Is that an unusual ratio of start to finished product? Maybe I did something wrong? Would appreciate your thoughts! Thanks again for the great recipes!!

    • — Dan on July 2, 2022
    • Reply
    • Hi Dan, I’ve actually never weighed the amount of meat left after cooking pork on the bone. I suspect the bone contributes a lot to the weight and if you trimmed a fair amount of fat, that would reduce the volume you were left with. All in all, what you’re describing doesn’t sound very far off (and I don’t think you did anything wrong).

      • — Jenn on July 8, 2022
      • Reply
      • Thank you, Jenn! I will definitely cook again. Love your recipes and your cookbooks!

        • — Dan on July 10, 2022
        • Reply
  • Hi Jenn! The smallest size Boston Butt I could find was 7.5lbs. How long would you estimate that to cook for at 300 degrees? 8-8.5 hours?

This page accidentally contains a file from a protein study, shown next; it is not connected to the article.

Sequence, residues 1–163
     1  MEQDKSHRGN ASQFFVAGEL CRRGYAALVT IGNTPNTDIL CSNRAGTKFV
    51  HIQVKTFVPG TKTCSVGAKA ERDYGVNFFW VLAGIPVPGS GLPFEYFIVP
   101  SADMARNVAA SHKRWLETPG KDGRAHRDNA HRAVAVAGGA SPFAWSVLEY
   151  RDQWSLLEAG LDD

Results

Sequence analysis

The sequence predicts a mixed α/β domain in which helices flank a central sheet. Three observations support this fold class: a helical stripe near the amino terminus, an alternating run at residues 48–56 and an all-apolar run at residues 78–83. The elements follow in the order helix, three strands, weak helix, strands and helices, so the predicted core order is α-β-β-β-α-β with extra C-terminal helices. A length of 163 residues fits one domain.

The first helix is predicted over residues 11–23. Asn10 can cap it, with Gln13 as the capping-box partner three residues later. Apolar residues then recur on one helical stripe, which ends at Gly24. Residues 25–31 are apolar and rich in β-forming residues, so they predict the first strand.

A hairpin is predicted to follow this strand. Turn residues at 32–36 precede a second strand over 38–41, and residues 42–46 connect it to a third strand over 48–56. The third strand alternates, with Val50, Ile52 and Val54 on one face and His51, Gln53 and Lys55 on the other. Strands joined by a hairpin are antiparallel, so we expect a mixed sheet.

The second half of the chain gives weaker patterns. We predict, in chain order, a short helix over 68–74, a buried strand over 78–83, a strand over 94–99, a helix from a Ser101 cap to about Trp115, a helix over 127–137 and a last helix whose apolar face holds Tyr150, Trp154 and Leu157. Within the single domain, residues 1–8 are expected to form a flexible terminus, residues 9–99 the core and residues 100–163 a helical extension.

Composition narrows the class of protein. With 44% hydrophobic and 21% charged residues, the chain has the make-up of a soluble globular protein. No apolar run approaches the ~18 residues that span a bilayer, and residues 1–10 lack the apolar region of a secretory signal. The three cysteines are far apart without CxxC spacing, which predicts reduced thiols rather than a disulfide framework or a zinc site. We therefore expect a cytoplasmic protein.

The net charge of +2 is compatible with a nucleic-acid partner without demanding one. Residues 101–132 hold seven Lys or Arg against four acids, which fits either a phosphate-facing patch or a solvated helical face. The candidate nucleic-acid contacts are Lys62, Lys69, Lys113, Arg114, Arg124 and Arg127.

• — Scott J on June 27, 2022
    • Reply
    • Hi Scott, I’d estimate you’ll need to cook it for about 7 hours, but to be certain, I’d use a thermometer and insert it into the thickest part of the pork. When it registers 195°F, it’s done. And if you find that it’s getting too brown during that extra time in the oven, feel free to cover it loosely with foil. Hope you enjoy!

      • — Jenn on June 27, 2022
      • Reply
  • Hi Jenn, I cannot find spicy brown mustard where I live. What type of mustard would be a suitable substitute? Thanks

    • — Rilla on June 18, 2022
    • Reply
    • Hi Rilla, Dijon (or really any other mustard) would be fine here. Hope you enjoy!

      • — Jenn on June 22, 2022
      • Reply
  • Skipped the barbecue sauce and used the meat for tacos with some salsa. Yum!

    • — Janet on June 16, 2022
    • Reply